This week, Taylor Swift’s new album Reputation opened on the Billboard 200 at No. 1 with incredible ease, given that it sold more copies in just a few days than any other title this year. The set, her sixth in total and her fifth to make it to the top of the all-genre ranking, kicked off with 1.238 million equivalent copies shifted, and that’s one of the largest first frames in history.
It may feel as if Bruno Mars has always been a fixture of the Top 40 world, but believe it or not, his debut album is only a little more than seven years old. In less than a decade, he’s been able to conquer the charts in a way few before him have ever done, and this week, his first full-length earns another spot in the history books. Doo-Wops & Hooligans, the record that made Mars a household name, is currently at No.
The title track off the quartet's new EP brings a darker vibe to KARD's mombahton-dance sound with dissonant beats, melancholy-like vocal performances, and harder-than-ever raps. It's a welcome changeup for the winter season, when music is a bit slower and darker, while keeping the band's sonic structure intact.
@BeyCollection 1. Beyonce wasn't credited as a featured artist on "Hymn," so it doesn't count towards her career total, and 2. In the U.S., "Mi Gente" included her, but that version isn't the one that hit top 10 in the U.K., 3. OCC says she has 19 solo:
Muck Rack makes it simple to find people, tweets, or articles that mention any name, keyword, company, hashtag etc. We've compiled this guide to help you make the most of your search.
Selecting a term
Start searching tweets, articles from media outlets, articles mentioned in tweets, journalists'
names, titles and bios with some suggested searches:
Companies or Topics (e.g. iPhone, Microsoft)
Phrases (e.g. "cloud computing") — use quotes to keep the terms together
Twitter handles (e.g. @username) — returns those who have mentioned or replied to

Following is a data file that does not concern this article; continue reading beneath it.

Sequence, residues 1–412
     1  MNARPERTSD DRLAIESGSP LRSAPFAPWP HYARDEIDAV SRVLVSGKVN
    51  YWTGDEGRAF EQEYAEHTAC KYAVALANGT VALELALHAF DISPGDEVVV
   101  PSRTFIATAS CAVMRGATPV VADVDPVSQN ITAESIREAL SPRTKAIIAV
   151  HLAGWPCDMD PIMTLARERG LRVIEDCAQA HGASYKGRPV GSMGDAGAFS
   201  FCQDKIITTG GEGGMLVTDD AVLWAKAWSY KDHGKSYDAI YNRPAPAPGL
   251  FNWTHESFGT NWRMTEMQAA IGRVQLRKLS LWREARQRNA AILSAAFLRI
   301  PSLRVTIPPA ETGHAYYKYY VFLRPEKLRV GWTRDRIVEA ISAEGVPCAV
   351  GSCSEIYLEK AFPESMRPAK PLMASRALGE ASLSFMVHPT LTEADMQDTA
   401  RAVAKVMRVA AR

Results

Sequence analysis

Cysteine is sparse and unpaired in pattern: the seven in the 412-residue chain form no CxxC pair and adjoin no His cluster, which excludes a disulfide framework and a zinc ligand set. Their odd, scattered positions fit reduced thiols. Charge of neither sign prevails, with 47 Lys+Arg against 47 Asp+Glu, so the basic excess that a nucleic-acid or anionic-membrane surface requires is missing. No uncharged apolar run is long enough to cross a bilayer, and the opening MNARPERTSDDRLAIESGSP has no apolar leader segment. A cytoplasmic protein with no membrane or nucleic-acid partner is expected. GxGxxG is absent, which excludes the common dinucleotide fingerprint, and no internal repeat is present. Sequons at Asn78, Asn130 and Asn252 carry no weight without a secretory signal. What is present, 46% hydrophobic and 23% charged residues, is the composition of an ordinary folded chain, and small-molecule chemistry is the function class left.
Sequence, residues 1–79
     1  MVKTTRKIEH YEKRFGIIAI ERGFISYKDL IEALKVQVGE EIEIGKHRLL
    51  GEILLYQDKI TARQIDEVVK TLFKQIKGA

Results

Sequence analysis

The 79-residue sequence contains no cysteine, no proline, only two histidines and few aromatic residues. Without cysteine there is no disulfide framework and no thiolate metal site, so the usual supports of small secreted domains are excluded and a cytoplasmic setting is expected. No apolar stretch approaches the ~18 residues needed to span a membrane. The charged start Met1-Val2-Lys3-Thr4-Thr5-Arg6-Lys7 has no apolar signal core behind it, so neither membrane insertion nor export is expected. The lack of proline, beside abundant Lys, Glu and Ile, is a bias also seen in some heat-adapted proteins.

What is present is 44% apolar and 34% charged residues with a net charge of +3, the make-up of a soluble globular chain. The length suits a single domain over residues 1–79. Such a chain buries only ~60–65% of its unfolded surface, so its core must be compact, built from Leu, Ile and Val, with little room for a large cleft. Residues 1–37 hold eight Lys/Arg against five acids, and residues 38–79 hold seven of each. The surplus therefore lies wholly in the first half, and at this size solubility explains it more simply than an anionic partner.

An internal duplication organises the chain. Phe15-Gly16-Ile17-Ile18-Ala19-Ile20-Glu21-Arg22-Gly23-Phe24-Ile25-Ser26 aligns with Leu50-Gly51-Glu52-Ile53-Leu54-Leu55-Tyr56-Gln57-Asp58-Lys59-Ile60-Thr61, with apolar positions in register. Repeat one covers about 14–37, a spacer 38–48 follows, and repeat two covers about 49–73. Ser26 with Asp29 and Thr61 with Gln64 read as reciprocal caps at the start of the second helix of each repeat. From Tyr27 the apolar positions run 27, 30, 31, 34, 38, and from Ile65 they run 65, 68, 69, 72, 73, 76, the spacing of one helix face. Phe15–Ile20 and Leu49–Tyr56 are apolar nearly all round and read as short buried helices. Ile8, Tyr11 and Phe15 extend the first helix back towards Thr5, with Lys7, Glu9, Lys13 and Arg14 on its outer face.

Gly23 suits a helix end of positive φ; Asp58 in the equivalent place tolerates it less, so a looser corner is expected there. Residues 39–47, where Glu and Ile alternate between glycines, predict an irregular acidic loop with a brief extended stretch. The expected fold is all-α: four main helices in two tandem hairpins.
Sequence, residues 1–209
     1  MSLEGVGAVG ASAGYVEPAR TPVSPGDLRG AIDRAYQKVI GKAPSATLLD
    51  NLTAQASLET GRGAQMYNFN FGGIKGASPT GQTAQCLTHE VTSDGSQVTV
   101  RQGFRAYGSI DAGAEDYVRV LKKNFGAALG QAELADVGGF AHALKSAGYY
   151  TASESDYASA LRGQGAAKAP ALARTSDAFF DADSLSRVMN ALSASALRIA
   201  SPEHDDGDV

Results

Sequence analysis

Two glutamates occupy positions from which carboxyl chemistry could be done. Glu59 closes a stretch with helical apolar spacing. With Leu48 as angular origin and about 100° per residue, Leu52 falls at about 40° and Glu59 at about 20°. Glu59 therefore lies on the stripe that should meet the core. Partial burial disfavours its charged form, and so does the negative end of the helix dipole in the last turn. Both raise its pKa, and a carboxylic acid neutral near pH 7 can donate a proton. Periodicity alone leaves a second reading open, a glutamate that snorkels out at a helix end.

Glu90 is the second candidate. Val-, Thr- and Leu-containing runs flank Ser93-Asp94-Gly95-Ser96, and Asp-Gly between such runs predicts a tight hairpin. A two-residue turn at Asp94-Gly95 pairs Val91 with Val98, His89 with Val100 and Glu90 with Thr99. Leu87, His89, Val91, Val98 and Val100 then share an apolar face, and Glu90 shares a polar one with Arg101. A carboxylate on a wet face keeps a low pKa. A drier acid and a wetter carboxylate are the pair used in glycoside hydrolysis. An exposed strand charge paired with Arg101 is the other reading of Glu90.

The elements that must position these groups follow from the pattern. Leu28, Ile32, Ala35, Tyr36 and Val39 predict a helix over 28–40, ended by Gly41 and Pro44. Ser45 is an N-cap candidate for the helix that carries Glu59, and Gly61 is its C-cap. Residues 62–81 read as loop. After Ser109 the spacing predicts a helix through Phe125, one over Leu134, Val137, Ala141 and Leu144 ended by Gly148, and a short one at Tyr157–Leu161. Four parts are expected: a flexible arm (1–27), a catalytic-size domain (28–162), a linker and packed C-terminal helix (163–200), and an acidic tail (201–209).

Names (e.g. "David Pogue")
Hashtags (e.g. #sxsw, #london2012)
Bio details (e.g. vegan, Olympics, father)
Muck Rack's Advanced Search allows for many boolean operators.
Find results that mention multiple specified terms, use AND or
+. For example, ensure each result contains both Elon Musk and Mark Zuckerberg by
searching Musk AND Zuckerberg or Musk + Zuckerberg.
Use the operators OR or , to broaden your search when you'd like either of
multiple terms to appear in results. (This is the default behavior of our search when no operators
are used). For example, results will contain either cake or cookie by searching cake OR cookie or cake,cookie
Use NOT or - to subtract results from your search. For
example, searching Disney will yield results about the Walt Disney Company as well as Walt Disney
World Resort. To exclude mentions of Disney World, search for Disney -World or Disney
When using one of these operators with a phrase, enclose it in quotation marks. For example, you can
find results about smartphones excluding Apple's iPhone 4S by searching smartphone -"iPhone
Exact case matching or punctuation
If you're searching for a brand name or keyword that relies on specific punctuation marks or capitalization, you can
find results that match your exact query by adding matchcase: before the keyword you're searching for, like matchcase:E*TRADE .
Use parentheses to separate multiple
boolean phrases. For example, to find journalists talking about having fun in Disney World or
Disneyland, search for ("disney world" OR disneyland) AND fun.
An asterisk can be used to search for any variation of a root word truncated by the asterisk. For example, searching for admin* will return results for administrator, administration, administer, administered, etc.
A near operator is an AND operator where you can control the distance between the words. You can vary the distance the near operation uses by adding a forward slash and number (between 0-99) such as strawberries NEAR/10 "whipped cream", which means the strawberries must exist within 10 words of "whipped cream".